posted on Dec, 4 2006 @ 12:29 AM
It's not for no reason, it's perfectly understandable. We make friends and form communities based primarily on appearance - we always have. There
are, of course, lots of other factors, but sight is very important to us the first time we come across someone. Most if not all species have
developed ways to recognize members of their own species quickly, to prevent being eaten by a mimic, and of course to avoid the awkwardness of
breeding with the wrong species. It takes an act of will, a conscious sublimation of instinct to break those barriers.
It's a survival mechanism to protect us. Taken to the extreme, it's unhealthy xenophobia.
All that said, I'm from New York city originally, and we have some of the nastiest cockroaches in the civilized world. Top ten, anyway. Rats too -
unbelievable how big some of the rats get...
I despise cockroaches (and rats). I've seen some enormous freakin' rats in the subway tunnels, by the water in the park, and in basements.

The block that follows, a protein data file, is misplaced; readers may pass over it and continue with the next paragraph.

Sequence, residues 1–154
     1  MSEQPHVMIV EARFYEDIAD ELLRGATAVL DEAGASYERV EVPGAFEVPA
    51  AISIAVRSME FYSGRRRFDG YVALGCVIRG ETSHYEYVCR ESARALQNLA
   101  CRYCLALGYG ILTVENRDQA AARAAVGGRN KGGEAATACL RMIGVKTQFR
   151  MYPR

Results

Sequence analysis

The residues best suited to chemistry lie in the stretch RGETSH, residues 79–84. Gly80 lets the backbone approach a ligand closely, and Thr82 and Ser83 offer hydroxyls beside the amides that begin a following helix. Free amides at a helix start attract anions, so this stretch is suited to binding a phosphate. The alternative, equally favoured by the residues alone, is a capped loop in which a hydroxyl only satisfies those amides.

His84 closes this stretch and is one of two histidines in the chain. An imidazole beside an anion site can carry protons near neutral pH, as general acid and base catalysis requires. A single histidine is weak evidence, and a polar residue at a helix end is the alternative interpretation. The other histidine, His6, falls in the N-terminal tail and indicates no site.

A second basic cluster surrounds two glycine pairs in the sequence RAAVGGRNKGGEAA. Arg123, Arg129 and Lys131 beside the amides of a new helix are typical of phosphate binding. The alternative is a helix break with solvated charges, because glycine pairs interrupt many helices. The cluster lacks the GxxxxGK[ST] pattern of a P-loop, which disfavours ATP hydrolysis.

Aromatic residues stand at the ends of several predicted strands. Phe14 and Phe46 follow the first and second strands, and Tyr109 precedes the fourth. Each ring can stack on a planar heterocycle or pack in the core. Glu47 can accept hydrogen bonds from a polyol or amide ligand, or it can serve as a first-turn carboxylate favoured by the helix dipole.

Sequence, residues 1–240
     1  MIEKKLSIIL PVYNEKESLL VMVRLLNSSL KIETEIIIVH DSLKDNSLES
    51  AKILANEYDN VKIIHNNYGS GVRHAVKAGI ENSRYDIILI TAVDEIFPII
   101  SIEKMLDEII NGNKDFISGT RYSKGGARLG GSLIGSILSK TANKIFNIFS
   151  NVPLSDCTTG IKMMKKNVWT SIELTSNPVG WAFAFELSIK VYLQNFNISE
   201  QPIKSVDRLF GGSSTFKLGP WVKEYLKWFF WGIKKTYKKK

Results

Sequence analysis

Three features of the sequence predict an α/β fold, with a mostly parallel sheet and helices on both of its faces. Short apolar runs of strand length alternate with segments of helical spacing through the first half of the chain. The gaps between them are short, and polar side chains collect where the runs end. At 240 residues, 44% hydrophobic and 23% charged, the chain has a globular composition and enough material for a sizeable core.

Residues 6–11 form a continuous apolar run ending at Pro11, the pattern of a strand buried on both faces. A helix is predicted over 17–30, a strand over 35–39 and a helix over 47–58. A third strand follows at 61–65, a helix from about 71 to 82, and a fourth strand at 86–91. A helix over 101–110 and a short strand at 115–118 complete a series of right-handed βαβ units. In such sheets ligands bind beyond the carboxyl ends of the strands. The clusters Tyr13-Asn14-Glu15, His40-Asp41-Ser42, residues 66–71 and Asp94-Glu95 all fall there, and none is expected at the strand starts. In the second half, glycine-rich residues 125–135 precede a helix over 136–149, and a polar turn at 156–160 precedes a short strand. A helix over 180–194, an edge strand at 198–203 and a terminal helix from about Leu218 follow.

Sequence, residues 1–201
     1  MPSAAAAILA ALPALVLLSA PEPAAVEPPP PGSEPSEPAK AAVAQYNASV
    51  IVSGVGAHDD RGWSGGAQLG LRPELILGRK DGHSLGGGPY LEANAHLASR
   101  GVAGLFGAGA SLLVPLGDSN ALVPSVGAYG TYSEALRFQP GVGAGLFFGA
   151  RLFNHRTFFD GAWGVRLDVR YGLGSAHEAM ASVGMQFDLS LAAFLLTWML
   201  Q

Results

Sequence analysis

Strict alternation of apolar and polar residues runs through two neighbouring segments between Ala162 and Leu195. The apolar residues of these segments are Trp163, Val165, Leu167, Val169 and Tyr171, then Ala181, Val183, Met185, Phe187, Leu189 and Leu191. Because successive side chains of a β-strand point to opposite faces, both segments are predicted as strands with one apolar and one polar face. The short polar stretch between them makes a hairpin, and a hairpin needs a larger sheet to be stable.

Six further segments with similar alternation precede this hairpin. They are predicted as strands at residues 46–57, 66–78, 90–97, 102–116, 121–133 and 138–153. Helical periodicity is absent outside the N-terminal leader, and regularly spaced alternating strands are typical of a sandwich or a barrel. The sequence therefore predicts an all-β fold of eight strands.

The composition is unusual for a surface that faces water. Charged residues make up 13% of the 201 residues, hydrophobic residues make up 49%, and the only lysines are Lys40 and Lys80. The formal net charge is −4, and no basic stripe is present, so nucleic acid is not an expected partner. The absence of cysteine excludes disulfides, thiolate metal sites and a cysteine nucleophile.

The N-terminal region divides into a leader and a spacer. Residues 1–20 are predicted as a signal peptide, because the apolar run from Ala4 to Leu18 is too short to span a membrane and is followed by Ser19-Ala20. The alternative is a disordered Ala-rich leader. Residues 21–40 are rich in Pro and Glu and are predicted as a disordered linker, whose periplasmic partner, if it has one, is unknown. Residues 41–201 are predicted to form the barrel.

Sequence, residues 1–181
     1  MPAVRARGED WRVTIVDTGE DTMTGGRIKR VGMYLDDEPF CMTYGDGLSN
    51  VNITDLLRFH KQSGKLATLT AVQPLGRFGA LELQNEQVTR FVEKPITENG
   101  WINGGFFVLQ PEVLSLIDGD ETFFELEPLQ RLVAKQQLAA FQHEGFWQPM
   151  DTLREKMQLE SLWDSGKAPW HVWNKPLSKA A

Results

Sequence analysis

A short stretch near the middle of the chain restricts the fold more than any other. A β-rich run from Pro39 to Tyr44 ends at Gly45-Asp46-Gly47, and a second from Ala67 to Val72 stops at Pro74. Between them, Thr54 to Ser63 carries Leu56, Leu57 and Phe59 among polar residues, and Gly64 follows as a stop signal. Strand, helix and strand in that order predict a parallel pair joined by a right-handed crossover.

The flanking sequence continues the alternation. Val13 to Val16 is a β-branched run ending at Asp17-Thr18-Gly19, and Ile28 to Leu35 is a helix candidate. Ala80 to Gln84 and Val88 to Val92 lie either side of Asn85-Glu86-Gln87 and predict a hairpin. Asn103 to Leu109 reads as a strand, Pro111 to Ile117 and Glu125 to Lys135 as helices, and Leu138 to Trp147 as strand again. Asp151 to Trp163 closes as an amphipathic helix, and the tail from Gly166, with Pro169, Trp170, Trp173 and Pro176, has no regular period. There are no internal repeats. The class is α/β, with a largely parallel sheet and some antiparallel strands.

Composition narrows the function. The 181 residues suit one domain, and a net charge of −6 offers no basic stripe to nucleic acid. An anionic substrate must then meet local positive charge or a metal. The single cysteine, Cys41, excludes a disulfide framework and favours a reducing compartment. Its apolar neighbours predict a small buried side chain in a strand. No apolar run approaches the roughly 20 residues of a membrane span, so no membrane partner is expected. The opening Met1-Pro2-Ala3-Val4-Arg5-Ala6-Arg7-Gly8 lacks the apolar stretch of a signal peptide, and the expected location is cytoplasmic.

Gigantic things - disgusting harbingers of disease and filth. Garbage-eaters, like the roaches.
We despise them because the sight of them is a visual cue that disease might be present. As I said, it's a survival mechanism.
Not entirely logical, but based in logic at least. It's a good bet that your girlfriend's mouth harbors as many bacteria as the roach, but we
don't think like that because it doesn't make any sense to squish your girlfriend. You squish your girlfriend to protect yourself against bacteria
and you've lost more than you've gained. You squish a roach and you've lost nothing, but gained some small measure of safety.
On the subject of roaches, check out the book The Roaches Have No King by Daniel Evan Weiss - it's a fun read. The protagonist is a
cockroach. It's an ingenious and engaging satire, I enjoyed it anyway. It was also published in the UK and elsewhere (Australia, I think) under the
title Unnatural Selection.